Smith & Nephew has warned that chip shortages are still hitting the medical device maker’s sales of surgical robotic technology and wound-protecting products, even as supply recovers at major chipmakers.
Deepak Nath, Smith & Nephew’s chief executive, said demand outstripped supply for products that rely on semiconductors and added that chipmakers did not prioritise the medical device industry, which must use older model chips to comply with regulations.
Sales at Smith & Nephew increased by 1.4 per cent to $1.4bn in the fourth quarter, with underlying growth, adjusted for currency fluctuations and acquisitions and disposals, of 6.8 per cent. Revenue for the full year was up 4.7 per cent on an underlying basis to $5.2bn.
“All through last year, we could have sold a lot more of our systems in sports, or in wound than we actually did. The demand for it was greater than our ability to actually produce,” Nath said.
Shortages meant that the company faced “very, very significantly higher prices” when it bought chips at a spot price, compared with contract purchases.
Chipmakers including Intel, AMD and Qualcomm have slashed forecasts in recent months, as a global shortage of chips turned into an oversupply in some areas. But medical device makers have smaller orders than many other customers, meaning they are less of a priority, and must stick to the chips that were used when their devices were given regulatory approval.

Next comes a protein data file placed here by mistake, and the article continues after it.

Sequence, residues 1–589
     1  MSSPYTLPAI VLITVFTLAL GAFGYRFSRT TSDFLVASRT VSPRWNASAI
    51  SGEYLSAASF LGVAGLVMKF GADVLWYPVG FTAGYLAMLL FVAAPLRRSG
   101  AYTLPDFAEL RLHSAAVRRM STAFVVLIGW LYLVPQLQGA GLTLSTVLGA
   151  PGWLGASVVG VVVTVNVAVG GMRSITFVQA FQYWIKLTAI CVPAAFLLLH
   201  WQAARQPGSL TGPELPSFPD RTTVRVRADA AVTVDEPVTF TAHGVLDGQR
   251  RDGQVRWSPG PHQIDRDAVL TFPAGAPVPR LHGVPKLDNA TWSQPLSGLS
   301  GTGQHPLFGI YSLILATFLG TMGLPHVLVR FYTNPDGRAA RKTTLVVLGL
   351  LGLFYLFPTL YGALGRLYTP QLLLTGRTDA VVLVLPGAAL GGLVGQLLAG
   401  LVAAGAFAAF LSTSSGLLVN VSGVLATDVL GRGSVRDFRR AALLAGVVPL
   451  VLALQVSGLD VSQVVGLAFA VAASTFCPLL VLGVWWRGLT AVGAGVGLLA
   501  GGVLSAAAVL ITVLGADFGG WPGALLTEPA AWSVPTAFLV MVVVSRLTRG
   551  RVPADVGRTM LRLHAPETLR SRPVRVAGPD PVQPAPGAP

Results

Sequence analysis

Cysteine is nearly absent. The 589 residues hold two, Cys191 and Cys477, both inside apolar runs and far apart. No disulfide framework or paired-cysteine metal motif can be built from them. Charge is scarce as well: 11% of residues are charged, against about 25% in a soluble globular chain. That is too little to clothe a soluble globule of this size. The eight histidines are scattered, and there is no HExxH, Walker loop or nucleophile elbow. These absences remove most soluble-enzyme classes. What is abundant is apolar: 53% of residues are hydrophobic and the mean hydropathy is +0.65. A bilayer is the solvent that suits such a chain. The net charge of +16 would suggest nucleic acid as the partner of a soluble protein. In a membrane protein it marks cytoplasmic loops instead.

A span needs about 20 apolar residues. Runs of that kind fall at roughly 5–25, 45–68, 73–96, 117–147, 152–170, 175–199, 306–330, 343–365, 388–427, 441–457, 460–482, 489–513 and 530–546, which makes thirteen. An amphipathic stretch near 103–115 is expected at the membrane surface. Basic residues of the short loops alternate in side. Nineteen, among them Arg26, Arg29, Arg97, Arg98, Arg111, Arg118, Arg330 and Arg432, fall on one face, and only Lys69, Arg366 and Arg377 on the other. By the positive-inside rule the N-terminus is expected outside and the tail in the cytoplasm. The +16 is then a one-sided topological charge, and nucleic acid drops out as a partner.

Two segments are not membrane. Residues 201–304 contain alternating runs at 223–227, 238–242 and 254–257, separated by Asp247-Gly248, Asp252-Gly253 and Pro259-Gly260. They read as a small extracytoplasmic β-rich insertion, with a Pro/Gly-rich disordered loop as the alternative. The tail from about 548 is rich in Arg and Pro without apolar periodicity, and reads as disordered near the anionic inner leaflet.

“You’re several years removed from when you made the choice of chipset to use in these systems. And you can’t just substitute because the world has changed. Because that means you have to go through the regulatory pathway all over again,” he said.
The medical device industry is in talks with regulators including the US Food and Drug Administration about speeding up approval times for some components.
Nath took over Smith & Nephew last year, promising to turn around its struggling orthopaedics division. The company’s other divisions, sports medicine and wound management, outperform the market.
Shares in Smith & Nephew rose 4.2 per cent in London, after the company said it was targeting underlying revenue growth of between 5 per cent and 6 per cent for 2023, with a trading profit margin of at least 17.5 per cent. It plans to expand margin to at least 20 per cent by 2025.
In the fourth quarter, adjusted earnings per share were 81.8 cents, above the average analyst forecast for 78 cents. For the full year, pre-tax profit fell 60 per cent to $235mn, as the company grappled with the higher costs of raw materials, components and labour.